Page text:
A group of 15 opposition-affiliated prisoners appealed to the government for Khmer New Year pardons on Thursday, despite the prime minister’s insistence that no more politicians will be offered such reprieves.
It is customary for the King to pardon prisoners during Khmer New Year, which begins April 14, usually at the request of Prime Minister Hun Sen’s government.
Mao Monyvann, one of three former CNRP parliamentarians who visited the former opposition prisoners on Thursday at Prey Sar, said they were deserving of pardons.
“Some of the prisoners have served two-thirds and they have a final verdict. It is enough to pardon them so they can return to their families for Khmer New Year,” Monyvann said.
Former opposition Senator Um Sam An and 13 others were among those visited by Monyvann, Ou Chanrath and Kong Kimhak. One of the petitioners, former National Assembly candidate Meach Sovannara, was barred from visitations for allegedly communicating with the outside world from prison.
Sam An, a dual American citizen, was arrested in April 2016 for sharing mistranslated border documents on Facebook. Fellow senator, French-Cambodian Hong Sok Hour, was arrested for the same crime in August 2015 but was released early last year.
The others were arrested for leading or participating in “an insurrectionary movement” due to their involvement in a 2014 opposition protest that turned violent.
Human rights group Licadho previously labelled the 15 “political prisoners”. Its website has since rebranded them “prisoners of interest”.
The Cambodia National Rescue Party was dissolved in November of last year, following an accusation that the party was attempting to topple the government. Then-party president Kem Sokha was arrested in September for treason.
In March, Hun Sen said pardons would not be forthcoming for Sokha or Sam An. A few weeks later, he extended this promise to all CNRP prisoners.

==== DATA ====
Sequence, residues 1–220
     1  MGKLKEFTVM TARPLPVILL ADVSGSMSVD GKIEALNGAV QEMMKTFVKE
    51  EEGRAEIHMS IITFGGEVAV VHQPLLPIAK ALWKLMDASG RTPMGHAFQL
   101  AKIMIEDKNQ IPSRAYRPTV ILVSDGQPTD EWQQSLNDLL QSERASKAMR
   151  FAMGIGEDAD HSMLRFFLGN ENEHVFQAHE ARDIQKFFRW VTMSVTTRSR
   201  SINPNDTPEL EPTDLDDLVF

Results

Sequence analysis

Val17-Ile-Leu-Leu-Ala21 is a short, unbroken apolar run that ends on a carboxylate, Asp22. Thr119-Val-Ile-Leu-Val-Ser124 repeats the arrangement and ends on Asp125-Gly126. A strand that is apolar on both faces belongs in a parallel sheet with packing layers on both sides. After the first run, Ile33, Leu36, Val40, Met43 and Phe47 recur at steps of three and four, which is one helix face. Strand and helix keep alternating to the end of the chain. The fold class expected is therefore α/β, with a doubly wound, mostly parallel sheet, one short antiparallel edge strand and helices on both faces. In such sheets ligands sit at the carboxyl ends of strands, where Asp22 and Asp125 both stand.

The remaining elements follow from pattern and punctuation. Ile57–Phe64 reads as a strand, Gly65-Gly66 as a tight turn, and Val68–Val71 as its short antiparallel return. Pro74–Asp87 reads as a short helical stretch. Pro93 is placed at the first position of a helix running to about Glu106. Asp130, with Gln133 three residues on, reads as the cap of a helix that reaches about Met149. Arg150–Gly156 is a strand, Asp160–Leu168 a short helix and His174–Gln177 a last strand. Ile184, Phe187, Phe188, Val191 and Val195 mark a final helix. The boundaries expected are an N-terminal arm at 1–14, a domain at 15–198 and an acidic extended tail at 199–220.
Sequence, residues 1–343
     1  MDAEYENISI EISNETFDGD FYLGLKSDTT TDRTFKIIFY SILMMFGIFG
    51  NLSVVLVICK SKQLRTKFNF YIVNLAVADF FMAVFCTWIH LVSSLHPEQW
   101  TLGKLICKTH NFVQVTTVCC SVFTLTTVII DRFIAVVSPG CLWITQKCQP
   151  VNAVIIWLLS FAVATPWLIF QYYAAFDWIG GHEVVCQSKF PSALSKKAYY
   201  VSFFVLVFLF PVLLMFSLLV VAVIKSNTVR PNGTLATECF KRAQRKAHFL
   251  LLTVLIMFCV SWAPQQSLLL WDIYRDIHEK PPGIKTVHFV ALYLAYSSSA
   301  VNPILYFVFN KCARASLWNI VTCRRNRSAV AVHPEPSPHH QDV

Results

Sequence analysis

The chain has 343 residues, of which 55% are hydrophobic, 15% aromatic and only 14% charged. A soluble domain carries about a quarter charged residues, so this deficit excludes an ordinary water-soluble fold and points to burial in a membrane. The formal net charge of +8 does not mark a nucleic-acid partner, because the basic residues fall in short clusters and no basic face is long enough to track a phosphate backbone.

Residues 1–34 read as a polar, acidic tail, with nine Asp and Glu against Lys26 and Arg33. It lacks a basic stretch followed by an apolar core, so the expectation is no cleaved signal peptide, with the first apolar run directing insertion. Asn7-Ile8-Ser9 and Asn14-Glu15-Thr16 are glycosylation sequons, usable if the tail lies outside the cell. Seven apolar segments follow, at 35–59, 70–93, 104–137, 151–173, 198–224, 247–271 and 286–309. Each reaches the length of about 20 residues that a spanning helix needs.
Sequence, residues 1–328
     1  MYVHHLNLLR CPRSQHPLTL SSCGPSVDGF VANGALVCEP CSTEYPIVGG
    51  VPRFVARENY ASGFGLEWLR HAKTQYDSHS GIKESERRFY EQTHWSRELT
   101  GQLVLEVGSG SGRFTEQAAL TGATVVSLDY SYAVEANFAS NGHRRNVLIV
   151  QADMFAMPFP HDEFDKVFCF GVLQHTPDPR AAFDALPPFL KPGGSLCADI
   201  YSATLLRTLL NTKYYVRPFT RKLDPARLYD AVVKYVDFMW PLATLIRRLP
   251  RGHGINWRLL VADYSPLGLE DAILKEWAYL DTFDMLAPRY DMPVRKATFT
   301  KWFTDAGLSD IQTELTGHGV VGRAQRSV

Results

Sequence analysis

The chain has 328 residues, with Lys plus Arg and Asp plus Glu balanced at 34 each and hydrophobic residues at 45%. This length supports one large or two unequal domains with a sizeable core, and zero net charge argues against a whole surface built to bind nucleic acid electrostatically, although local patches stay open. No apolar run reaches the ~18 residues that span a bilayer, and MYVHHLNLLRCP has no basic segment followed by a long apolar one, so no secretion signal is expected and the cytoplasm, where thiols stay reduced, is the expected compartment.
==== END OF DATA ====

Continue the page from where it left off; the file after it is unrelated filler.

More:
“I won’t pardon for anyone. Be informed. It’s ended,” he said.
Despite this, Chanrath, the former CNRP lawmaker, still pleaded for mercy on behalf of the men, many of whom were youth activists at the time of their arrests.
“Most of them are young and they are not cruel people who killed or robbed anyone,” he said. “They are just prisoners of conscience.”
Sok Eysan, a spokesman for the ruling party, said the government would not fall for the CNRP’s “trap”.
“He pardoned Hong Sok Hour because he recognised his mistake,” he said. “Then the opposition says it is because of political pressure.”
After Sok Hour’s release, former opposition leader Sam Rainsy claimed the government relented under pressure from the French, which caused Hun Sen to bristle. Both the French Embassy and Sok Hour himself have declined to confirm.
Paul Chambers, a lecturer at Thailand’s Naresuan University, said it was clear that Hun Sen intended to “bury” all opposition.
“Even after the upcoming election, Hun Sen will likely refrain from pardoning jailed opponents as a warning to any future politicos who would dare to oppose him,” he said.